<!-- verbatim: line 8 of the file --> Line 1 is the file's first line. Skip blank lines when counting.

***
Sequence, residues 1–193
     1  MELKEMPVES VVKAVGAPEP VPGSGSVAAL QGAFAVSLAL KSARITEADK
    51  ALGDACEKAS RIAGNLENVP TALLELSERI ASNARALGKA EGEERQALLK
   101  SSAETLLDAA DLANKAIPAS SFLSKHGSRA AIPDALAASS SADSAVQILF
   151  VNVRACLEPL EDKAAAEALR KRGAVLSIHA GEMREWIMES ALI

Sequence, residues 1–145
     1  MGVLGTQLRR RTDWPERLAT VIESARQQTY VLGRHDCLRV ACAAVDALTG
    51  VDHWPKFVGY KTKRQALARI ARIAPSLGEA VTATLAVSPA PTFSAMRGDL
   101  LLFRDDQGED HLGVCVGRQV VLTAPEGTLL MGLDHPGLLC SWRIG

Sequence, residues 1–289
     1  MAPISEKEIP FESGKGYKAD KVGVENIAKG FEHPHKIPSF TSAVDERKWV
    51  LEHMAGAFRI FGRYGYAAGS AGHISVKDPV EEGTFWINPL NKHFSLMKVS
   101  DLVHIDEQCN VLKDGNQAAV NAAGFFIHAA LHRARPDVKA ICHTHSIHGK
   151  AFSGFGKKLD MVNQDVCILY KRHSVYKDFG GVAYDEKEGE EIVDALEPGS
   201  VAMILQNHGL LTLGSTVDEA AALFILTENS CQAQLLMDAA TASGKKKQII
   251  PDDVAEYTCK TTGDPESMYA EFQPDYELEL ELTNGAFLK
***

    51  VDHWPKFVGY KTKRQALARI ARIAPSLGEA VTATLAVSPA PTFSAMRGDL